New data presented at the 2020 Gastrointestinal Cancers Symposium are validating the purpose of ASCO’s Targeted Agent and Profiling Utilization Registry (TAPUR) study, a multibasket trial that matches patients’ genomic alterations to commercially available targeted therapies. The aim is to learn how targeted agents perform outside of their approved indications in patients with advanced cancer and few, if any, remaining treatment options.
In studies reported at this meeting, biomarker-driven matches were made for patients with colorectal cancer who had HER2 amplifications (and received trastuzumab plus pertuzumab), BRAF V600E mutations (and received cobimetinib plus vemurafenib), or high tumor mutational burdens (and were treated with pembrolizumab).
“Since every treatment we are studying represents an off-label use of an already marketed therapy, the data we are seeing support either using, or not using, a particular drug in a specific tumor type.”— Richard L. Schilsky, MD, FACP, FSCT, FASCO
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ASCO Chief Medical Officer Richard L. Schilsky, MD, FACP, FSCT, FASCO, said he is happy “to see the TAPUR results rolling out.” In an interview with The ASCO Post, Dr. Schilsky noted that the findings come around the time of the 4-year anniversary of TAPUR’s launch (March 16). “We’ve had about 2,200 patients enroll, and we’ve treated around 1,800 with novel therapies. Since every treatment we are studying represents an off-label use of an already marketed therapy, the data we are seeing support either using, or not using, a particular drug in a specific tumor type,” he said.
HER2-Positive Disease: Pertuzumab Plus Trastuzumab
HER2 amplification, overexpression, or mutation occurs in about 5% to 7% of colorectal malignancies. When 28 patients with HER2-positive colorectal cancer were treated with pertuzumab plus trastuzumab, a response rate of 25% and a disease control rate (response plus stable disease for at least 16 weeks) of 50% were observed, reported Ranju Gupta, MD, of Lehigh Valley Health Network.1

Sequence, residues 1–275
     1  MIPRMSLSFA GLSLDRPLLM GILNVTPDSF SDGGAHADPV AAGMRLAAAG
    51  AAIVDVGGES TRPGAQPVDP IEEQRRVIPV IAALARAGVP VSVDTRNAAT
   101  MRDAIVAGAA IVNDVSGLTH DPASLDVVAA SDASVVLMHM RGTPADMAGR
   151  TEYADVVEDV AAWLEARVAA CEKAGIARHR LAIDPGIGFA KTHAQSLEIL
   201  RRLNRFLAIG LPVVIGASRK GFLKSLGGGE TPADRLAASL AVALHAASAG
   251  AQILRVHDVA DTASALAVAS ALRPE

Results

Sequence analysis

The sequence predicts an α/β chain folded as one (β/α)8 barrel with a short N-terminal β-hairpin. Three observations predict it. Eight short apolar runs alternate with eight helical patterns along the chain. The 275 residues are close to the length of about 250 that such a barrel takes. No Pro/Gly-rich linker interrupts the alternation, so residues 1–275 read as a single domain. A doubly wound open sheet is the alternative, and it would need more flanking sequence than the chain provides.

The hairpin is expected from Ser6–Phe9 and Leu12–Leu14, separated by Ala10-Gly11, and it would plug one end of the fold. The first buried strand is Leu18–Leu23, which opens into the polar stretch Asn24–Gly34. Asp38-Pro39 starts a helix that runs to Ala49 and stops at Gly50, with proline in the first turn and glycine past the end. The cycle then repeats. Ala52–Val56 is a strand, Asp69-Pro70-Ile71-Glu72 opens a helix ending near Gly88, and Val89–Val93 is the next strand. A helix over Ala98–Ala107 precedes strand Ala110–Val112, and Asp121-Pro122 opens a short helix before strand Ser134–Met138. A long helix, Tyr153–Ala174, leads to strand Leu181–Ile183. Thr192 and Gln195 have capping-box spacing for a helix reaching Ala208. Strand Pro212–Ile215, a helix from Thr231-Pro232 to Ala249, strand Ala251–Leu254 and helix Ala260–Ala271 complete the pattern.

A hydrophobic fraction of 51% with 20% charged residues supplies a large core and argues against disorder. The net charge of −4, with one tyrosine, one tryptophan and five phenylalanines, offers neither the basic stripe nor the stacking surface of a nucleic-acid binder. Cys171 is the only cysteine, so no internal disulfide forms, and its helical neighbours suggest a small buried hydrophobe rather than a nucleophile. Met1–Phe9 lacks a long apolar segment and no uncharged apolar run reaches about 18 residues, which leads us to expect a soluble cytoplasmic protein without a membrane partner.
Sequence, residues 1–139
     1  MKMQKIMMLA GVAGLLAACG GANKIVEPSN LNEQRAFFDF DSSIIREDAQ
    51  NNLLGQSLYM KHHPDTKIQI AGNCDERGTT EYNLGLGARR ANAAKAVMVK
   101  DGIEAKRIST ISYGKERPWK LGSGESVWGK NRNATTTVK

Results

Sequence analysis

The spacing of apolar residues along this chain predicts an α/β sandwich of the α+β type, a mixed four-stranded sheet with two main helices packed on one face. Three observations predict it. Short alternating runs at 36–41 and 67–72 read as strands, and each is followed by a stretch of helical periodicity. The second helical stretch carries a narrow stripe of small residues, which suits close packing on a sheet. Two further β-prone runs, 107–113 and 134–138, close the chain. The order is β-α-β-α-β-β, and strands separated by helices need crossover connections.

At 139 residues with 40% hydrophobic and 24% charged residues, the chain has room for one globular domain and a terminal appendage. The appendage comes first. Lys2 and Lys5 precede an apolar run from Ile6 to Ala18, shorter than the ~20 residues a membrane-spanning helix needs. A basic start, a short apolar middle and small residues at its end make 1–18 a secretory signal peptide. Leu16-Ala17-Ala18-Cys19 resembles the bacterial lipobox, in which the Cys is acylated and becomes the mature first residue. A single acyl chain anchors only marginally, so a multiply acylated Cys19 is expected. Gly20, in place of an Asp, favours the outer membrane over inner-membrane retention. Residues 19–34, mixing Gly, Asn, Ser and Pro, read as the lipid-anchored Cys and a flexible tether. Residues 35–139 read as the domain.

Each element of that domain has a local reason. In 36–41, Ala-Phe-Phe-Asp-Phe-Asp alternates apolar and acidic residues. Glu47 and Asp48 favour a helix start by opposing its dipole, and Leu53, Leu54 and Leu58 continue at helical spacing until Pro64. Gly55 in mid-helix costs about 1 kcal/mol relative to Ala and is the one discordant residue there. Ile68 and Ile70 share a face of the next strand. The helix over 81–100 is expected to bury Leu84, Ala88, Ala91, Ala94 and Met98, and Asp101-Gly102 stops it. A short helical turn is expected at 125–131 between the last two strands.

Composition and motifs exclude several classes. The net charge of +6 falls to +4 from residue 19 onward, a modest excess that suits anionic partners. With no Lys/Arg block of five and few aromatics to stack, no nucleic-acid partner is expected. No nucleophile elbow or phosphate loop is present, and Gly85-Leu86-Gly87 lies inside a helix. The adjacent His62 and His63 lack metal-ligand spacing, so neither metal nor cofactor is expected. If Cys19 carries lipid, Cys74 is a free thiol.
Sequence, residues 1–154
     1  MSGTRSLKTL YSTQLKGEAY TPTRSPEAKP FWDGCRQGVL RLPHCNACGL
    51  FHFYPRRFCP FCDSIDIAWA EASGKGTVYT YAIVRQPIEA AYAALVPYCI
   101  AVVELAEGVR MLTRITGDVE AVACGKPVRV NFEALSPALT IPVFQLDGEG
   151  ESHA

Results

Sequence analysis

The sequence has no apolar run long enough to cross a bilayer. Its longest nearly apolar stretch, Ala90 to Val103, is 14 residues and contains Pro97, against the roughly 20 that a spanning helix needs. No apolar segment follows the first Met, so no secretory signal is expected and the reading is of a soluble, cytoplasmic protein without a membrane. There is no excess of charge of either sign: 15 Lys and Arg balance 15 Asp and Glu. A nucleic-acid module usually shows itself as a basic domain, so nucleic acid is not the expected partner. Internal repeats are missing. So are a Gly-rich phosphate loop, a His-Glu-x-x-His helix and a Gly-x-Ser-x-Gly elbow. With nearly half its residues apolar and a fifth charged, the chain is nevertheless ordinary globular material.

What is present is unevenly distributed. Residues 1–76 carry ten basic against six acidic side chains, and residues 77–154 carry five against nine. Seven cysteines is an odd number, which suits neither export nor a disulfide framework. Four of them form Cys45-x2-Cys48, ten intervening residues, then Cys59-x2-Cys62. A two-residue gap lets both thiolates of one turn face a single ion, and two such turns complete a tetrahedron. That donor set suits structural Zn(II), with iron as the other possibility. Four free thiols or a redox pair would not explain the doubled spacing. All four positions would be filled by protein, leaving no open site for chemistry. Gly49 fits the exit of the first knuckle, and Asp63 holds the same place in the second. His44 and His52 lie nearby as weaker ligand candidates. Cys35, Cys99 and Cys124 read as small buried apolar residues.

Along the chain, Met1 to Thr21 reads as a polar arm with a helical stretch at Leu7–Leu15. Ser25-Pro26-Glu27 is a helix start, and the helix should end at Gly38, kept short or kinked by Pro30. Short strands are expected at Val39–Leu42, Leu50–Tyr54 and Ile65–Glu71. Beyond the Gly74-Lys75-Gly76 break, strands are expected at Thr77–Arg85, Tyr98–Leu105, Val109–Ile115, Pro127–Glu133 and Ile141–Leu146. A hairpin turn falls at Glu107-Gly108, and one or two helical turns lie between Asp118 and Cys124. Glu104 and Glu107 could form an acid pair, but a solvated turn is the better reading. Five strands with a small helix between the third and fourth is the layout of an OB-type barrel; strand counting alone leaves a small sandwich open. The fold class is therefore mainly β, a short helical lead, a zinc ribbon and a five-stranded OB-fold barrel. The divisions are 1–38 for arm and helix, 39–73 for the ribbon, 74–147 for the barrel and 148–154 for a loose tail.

Both monoclonal antibodies bind to extracellular domains of the HER2 receptor. However, each agent targets different sites to prevent both HER2 homodimerization and heterodimerization, thereby blocking downstream signaling better than either agent alone.
Ranju Gupta, MD
Median progression-free survival was 17.2 weeks, and median overall survival was 108.6 weeks, or about 2 years. At 1 year, 58% of patients remained alive. Considering that 79% of the patients had received at least three prior lines of therapy, these outcomes were impressive, Dr. Gupta commented, noting that response rates of 10% are greater than the norm in this patient population.
The combination was well tolerated, with one patient (4%) experiencing a grade 3 adverse event (anemia and infusion reaction) and another experiencing a serious adverse event (left-ventricular dysfunction).
Dr. Gupta and colleagues are currently investigating whether the presence of RAS mutations influence the response to pertuzumab and trastuzumab in colorectal cancer, based on the known potential for RAS mutations to circumvent the effects of the HER2 blockade. The investigators would also like to see the pertuzumab/trastuzumab combination compared to chemotherapy in a phase III trial.
BRAF V600E–Mutated Disease: Cobimetinib Plus Vemurafenib
The BRAF V600E mutation can be found in approximately 10% of metastatic colorectal cancers. It is associated with an aggressive biology and short survival, according to Kelsey Klute, MD, of the University of Nebraska Medical Center, who described the novel treatment of this population in the TAPUR trial.2
Kelsey Klute, MD